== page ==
Like many pediatric intensivists, I care from time to time for victims of child abuse in the form of what is often called “shaken baby syndrome.” This syndrome is a characteristic constellation of finds that happen when a strong person grasps a child around the chest and aggressively shakes the infant. It was first described by Caffey, a pediatric radiologist, fifty years ago. The baby may have broken ribs from being grabbed tightly, but what causes severe damage is the act of shaking. An infant’s head is floppy on the neck, and the whiplash effect of snapping the head back and forth often causes bleeding in or around the brain and brain swelling. The skull may also be fractured if the infant’s head strikes a hard surface. Severe residual injury or death is a common result. The effect of the brain bouncing around inside the skull is illustrated in this image:
One of the hallmarks of shaken baby syndrome is retinal hemorrhages — areas of bleeding in the back of the eye. These result from the same pressure changes during the shaking that induce bursting small blood vessels in and around the brain. So one of the key things we look for when we suspect this form of child abuse is the presence of such hemorrhages.
Defense attorneys know this, and there is a small industry of crackpot “experts” going around the country testifying (for money, of course) in child abuse cases that these characteristic retinal hemorrhages may be from other things, particularly increased pressure inside the skull. I have been involved with and testified in several legal cases of this sort involving patients I have cared for. A jury, of course, consists of non-experts and they may be confused by such claims and counter-claims. So this new study is extremely useful to lay that bogus claim to rest.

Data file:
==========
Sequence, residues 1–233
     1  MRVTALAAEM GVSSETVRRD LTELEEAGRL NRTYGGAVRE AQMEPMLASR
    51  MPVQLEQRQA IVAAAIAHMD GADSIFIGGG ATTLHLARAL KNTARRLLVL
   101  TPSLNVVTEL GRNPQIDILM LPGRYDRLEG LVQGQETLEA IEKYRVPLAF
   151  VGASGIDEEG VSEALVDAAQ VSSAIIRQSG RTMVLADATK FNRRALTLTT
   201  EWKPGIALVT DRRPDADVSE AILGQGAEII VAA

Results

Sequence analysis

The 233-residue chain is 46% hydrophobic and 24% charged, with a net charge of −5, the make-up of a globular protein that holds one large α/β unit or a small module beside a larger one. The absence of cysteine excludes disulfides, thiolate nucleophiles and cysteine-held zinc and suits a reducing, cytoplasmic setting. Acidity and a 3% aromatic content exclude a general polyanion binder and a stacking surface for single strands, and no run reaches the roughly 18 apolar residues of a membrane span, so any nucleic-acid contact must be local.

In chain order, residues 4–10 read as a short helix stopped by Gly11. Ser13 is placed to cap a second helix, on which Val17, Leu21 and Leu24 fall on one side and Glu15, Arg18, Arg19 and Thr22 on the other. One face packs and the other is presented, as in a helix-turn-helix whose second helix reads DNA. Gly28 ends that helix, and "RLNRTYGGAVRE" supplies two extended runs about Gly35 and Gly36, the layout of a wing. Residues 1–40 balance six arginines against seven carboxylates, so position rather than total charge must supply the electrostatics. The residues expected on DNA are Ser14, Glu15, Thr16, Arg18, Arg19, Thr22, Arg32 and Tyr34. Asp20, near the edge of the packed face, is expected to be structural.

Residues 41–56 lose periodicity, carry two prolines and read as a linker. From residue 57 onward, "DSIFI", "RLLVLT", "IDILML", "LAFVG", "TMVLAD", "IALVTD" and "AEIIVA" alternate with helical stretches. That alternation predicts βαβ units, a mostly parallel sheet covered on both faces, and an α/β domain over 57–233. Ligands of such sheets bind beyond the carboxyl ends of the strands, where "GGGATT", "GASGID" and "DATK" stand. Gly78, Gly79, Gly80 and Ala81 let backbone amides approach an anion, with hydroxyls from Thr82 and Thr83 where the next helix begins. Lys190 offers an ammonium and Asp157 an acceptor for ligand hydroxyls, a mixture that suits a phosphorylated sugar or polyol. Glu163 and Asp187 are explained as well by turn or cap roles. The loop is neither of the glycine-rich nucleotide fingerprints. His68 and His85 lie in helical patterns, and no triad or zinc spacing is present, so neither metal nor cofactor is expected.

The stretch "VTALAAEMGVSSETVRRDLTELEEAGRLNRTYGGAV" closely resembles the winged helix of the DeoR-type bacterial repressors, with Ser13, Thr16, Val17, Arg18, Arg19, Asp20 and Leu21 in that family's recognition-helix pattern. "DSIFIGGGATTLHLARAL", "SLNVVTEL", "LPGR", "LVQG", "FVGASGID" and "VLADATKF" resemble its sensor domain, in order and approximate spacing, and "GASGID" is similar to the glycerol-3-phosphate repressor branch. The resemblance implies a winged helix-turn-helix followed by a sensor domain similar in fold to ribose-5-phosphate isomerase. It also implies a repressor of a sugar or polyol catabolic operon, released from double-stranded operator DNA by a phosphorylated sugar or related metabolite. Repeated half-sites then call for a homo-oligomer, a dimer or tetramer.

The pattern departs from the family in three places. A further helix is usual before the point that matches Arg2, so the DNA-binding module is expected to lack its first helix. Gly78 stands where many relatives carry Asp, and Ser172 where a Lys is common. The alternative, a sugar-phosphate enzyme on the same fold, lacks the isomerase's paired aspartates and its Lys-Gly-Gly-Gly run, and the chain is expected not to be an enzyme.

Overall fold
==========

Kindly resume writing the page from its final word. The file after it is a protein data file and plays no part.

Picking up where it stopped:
The investigators asked a simple question: Can elevated pressure inside the skull (intracranial hyptension) cause retinal hemorrhages, or is that claim made by defenders of child abusers just nonsense? To answer the question they did detailed examinations of the retina, the back of the eye, in 56 children ranging in age from 1 to 46 months who had known, documented elevated pressure inside the head. None of the subjects were suspected to have been abused, and all had conditions known to cause elevated intracranial pressure. These included hydrocephalus, intraventricular hemorrhage, congenital malformations, malfunctioning shunts, and the presence of intracranial space-occupying lesions (masses or tumors).
The authors couched their conclusions in the usual soft language of medical research, but the answer is clear — elevated intracranial pressure does not cause retinal hemorrhages. This new information will be beneficial to those who deal with the tragic cases of child abuse.
Christopher Johnson is a pediatric intensive care physician and author of Keeping Your Kids Out of the Emergency Room: A Guide to Childhood Injuries and Illnesses, Your Critically Ill Child: Life and Death Choices Parents Must Face, How to Talk to Your Child’s Doctor: A Handbook for Parents, and How Your Child Heals: An Inside Look At Common Childhood Ailments. He blogs at his self-titled site, Christopher Johnson, MD.
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